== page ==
2.4GHz band is good for speeds of up to 300Mbps. Not the fastest of wireless speeds, but let’s not forget that the DSL2877AL is an entry-level router.
There are two ways that you can setup the DSL-2877AL: via web browser or through its accompanying D-Link One-Touch Mobile app, which can be downloaded for free through Google Play and iOS App Store. We managed to get the DSL-2877AL up and running in under five minutes using the tried-and-tested web browser method, including setting up the passwords for both its 2.4GHz and 5GHz wireless frequencies.
To benchmark the wireless performance of the DSL2877AL, we established a connection to its 2.4GHz band using our notebook, and subsequently tried downloading a 1GB folder – which comprised 2,542 individual files – from our office’s servers and timed the duration it took to complete. From a distance of five meters, the file transfer took nine minutes and 50 seconds from start to finish. When we moved further away, approximately 10 meters from the router, the duration increased ever so slightly to 12 minutes and 17 seconds, which really isn’t too shabby.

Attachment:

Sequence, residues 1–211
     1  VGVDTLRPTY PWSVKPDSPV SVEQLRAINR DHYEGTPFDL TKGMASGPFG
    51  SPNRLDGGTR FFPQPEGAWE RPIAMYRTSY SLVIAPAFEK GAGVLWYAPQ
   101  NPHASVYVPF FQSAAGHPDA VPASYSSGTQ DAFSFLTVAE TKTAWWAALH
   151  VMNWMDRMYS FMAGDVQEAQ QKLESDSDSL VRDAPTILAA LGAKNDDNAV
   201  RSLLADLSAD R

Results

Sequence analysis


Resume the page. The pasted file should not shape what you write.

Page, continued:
If you’re worried about the wireless signal of the DSL2877AL not being able to reach the far corners of your home – which probably shouldn’t be the case, as the DSL-2877AL had a consistently excellent wireless signal strength throughout our tests – you can always purchase its separate but accompanying wireless N300 range extender, the USBpowered DMG-112A.
Unlike most conventional range extenders, which work as a separate entity to the router that it’s paired with, the DMG112A is made to work handin-hand with the DSL-2877AL, as part of D-Link’s proprietary ‘HomeZone’ technology, which automatically switches your wireless devices over to the access point that has the strongest wireless signal. In essence, this means you would no longer need to manually disconnect from your router to connect your range extender, and vice versa, as you move around your home.
Connect a 3G/4G LTE dongle to one of the DSL-2877AL’s two USB ports and it’ll be used as a failover mechanism, which automatically kicks in when a landline connection is lost.